Because there are 11 regularization strengths, e is a 1-by-11 vector of edges.

Plot the test-sample edges for each regularization strength. Identify the regularization strength that maximizes the edges over the grid.

figure;
plot(log10(Lambda),log10(e),'-o')
[~, maxEIdx] = max(e);
maxLambda = Lambda(maxEIdx);
hold on
plot(log10(maxLambda),log10(e(maxEIdx)),'ro');
ylabel('log_{10} test-sample edge')
xlabel('log_{10} Lambda')
legend('Edge','Max edge')
hold off

Several values of Lambda yield similarly high edges. Higher values of lambda lead to predictor variable sparsity, which is a good quality of a classifier.

Choose the regularization strength that occurs just before the edge starts decreasing.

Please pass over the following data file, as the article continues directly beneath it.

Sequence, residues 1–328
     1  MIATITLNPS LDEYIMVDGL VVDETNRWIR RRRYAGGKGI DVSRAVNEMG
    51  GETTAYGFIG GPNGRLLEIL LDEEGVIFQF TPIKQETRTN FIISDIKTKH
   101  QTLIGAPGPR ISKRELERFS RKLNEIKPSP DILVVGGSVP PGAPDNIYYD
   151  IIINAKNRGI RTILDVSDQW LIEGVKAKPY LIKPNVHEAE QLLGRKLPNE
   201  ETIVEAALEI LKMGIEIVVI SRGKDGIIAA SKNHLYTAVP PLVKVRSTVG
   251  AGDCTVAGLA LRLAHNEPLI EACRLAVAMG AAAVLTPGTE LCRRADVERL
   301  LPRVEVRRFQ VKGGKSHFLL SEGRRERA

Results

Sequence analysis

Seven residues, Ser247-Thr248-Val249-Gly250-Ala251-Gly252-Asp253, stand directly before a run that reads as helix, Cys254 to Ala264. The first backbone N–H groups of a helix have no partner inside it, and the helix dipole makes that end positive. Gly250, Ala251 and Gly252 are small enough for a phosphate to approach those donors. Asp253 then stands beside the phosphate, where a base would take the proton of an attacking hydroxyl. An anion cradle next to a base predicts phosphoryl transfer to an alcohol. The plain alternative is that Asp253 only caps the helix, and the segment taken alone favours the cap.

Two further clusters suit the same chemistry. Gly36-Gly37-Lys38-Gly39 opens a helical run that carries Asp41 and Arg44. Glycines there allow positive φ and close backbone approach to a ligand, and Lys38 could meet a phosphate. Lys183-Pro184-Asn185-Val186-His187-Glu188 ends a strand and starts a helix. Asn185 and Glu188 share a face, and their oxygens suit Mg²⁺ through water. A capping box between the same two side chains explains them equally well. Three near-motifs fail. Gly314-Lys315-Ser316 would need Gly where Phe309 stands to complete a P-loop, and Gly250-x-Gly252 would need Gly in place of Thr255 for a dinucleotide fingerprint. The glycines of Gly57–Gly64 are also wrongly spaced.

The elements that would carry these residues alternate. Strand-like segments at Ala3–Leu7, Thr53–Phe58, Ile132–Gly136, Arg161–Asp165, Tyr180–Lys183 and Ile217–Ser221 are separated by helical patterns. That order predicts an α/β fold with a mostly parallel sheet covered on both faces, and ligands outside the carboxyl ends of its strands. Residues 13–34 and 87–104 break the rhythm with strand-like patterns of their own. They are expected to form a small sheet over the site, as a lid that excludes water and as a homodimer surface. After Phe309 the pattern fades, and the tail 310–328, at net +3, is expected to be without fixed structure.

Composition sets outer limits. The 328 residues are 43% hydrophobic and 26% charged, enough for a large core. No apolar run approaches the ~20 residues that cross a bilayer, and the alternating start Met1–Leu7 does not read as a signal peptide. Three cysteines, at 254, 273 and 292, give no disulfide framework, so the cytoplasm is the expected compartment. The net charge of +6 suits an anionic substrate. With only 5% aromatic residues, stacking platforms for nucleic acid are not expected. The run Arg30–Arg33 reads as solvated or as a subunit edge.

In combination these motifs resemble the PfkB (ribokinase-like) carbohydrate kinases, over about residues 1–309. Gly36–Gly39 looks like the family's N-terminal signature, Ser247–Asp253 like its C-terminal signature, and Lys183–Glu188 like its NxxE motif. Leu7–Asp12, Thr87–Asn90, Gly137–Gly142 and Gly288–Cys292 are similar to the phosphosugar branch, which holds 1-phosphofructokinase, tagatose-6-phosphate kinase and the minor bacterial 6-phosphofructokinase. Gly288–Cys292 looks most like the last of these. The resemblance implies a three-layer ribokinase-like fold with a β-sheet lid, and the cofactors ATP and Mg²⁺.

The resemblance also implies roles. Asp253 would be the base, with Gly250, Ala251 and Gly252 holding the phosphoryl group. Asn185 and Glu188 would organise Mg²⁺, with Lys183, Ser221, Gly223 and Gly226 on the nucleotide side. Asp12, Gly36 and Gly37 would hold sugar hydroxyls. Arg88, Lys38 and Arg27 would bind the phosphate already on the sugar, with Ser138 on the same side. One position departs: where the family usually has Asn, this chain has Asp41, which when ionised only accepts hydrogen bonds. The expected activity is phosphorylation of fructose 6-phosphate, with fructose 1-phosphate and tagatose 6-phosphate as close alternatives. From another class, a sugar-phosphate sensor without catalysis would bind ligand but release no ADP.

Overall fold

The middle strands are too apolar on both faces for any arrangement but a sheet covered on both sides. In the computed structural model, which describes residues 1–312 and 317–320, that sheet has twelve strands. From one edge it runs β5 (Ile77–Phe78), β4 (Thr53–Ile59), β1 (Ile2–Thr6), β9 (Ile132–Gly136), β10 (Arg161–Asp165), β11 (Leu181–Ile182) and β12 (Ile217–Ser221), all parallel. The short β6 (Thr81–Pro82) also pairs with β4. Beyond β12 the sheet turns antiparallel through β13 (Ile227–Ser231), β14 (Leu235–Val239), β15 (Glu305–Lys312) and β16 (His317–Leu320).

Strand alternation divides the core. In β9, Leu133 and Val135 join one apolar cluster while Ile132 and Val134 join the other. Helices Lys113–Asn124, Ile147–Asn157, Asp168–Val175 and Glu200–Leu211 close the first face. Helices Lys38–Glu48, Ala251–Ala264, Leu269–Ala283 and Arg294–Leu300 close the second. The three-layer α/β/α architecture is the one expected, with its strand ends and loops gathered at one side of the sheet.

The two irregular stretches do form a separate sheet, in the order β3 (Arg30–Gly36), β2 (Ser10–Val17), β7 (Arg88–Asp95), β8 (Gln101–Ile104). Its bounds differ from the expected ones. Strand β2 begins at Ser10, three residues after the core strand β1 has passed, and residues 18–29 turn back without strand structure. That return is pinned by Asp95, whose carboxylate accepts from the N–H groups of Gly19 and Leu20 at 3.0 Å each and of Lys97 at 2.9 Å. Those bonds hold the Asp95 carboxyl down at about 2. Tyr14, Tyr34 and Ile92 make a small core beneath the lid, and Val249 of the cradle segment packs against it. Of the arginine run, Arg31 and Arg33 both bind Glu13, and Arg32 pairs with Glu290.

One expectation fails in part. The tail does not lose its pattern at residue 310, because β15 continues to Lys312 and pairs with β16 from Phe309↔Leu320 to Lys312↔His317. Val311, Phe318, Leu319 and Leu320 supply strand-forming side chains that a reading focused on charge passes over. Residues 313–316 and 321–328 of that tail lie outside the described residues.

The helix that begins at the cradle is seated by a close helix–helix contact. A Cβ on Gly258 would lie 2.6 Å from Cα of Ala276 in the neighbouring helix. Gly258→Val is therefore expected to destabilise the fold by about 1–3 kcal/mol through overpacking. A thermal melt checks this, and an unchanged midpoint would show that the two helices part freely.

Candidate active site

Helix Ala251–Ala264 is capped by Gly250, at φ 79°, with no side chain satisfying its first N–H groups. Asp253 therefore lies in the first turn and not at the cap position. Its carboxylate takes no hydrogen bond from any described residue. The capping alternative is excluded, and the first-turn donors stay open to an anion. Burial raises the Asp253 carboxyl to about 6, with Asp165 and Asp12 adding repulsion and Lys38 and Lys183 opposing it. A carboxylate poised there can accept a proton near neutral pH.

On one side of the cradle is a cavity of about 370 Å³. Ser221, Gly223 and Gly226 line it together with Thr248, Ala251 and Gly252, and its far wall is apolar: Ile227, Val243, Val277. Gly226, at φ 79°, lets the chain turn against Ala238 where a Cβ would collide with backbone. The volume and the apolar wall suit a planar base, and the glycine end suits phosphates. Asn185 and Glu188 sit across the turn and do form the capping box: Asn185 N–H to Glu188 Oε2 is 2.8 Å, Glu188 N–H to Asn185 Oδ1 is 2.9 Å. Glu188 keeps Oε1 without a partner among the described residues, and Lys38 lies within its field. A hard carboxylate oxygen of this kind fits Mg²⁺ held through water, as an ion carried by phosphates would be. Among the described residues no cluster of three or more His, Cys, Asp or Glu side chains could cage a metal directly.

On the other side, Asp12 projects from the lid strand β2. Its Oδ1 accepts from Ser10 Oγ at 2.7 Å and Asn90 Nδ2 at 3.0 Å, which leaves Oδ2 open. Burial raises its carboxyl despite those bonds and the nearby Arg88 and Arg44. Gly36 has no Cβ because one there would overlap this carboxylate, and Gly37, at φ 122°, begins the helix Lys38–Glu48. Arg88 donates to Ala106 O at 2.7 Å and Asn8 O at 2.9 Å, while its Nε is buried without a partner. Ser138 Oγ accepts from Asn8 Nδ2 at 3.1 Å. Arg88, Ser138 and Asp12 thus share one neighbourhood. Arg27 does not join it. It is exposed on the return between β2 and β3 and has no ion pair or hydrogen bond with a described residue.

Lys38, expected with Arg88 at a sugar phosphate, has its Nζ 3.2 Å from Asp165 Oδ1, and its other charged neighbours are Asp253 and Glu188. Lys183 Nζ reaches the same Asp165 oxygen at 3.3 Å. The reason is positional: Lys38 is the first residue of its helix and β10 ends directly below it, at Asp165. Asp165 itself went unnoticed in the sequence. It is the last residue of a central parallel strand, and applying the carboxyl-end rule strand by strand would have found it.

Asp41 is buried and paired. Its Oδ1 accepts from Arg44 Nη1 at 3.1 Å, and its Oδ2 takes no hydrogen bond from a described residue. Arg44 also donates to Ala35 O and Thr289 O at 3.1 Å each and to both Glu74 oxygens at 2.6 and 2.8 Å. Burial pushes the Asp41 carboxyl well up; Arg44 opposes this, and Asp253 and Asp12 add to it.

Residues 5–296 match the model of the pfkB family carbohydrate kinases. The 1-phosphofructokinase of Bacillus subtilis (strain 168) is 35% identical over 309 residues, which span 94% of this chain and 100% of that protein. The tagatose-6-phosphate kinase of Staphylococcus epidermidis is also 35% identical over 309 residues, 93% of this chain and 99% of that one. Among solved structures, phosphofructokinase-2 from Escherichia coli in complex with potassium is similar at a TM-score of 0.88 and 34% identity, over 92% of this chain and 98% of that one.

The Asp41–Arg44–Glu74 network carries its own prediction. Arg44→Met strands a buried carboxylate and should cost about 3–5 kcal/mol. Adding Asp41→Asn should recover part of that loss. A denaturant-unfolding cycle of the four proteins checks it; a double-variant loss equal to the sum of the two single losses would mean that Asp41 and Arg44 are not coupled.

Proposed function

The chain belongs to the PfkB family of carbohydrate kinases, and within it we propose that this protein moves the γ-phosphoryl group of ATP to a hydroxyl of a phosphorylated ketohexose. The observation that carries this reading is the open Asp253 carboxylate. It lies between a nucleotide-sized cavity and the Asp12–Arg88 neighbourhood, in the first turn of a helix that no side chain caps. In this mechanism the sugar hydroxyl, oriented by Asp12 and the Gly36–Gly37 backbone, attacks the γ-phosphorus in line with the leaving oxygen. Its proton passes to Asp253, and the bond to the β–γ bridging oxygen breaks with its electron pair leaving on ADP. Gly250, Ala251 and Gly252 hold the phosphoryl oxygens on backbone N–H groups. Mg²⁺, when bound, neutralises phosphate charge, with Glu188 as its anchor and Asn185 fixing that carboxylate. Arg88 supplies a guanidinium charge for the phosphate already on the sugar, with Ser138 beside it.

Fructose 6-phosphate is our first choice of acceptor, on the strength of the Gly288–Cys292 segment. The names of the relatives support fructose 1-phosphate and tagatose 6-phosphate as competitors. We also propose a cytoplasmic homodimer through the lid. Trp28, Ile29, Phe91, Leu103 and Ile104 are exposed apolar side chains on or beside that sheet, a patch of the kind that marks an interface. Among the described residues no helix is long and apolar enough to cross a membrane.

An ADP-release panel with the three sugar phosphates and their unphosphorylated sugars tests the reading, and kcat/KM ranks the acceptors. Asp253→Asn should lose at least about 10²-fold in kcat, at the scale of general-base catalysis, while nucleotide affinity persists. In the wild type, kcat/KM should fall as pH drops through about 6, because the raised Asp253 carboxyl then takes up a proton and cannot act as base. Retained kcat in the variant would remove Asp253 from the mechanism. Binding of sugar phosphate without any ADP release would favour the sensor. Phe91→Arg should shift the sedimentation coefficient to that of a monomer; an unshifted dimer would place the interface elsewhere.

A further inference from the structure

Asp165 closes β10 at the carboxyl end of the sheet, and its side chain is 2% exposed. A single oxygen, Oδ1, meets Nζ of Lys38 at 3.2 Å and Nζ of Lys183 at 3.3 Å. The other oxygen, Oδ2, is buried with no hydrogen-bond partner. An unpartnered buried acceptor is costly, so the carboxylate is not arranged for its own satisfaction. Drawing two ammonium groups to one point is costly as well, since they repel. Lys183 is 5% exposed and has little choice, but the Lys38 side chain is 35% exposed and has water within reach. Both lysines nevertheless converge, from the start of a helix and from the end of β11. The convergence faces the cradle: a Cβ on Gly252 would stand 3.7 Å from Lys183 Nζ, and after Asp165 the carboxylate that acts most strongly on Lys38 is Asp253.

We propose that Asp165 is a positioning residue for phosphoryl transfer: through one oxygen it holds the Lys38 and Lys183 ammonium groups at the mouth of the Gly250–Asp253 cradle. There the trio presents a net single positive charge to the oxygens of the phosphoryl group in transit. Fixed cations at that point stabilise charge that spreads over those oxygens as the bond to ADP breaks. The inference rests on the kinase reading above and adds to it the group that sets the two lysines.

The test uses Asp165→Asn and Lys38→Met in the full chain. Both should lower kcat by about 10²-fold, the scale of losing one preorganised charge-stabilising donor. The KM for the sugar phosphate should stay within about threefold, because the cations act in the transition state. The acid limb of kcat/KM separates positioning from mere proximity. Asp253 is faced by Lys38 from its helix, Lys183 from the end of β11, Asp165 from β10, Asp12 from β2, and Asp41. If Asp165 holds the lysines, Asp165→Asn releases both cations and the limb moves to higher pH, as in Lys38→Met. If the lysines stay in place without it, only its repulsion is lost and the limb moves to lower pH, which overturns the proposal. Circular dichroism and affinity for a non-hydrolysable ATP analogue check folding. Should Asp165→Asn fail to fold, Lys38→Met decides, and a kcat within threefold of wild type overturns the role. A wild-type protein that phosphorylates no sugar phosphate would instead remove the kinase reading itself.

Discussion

LambdaFinal = Lambda(5);

Train a linear classification model using the entire data set and specify the regularization strength yielding the maximal edge.

MdlFinal = fitclinear(X,Ystats,'ObservationsIn','columns',...
    'Learner','logistic','Solver','sparsa','Regularization','lasso',...
    'Lambda',LambdaFinal);

To estimate labels for new observations, pass MdlFinal and the new data to predict.

More About

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Algorithms

By default, observation weights are prior class probabilities. If you supply weights using Weights, then the software normalizes them to sum to the prior probabilities in the respective classes. The software uses the normalized weights to estimate the weighted edge.

Extended Capabilities

Introduced in R2016a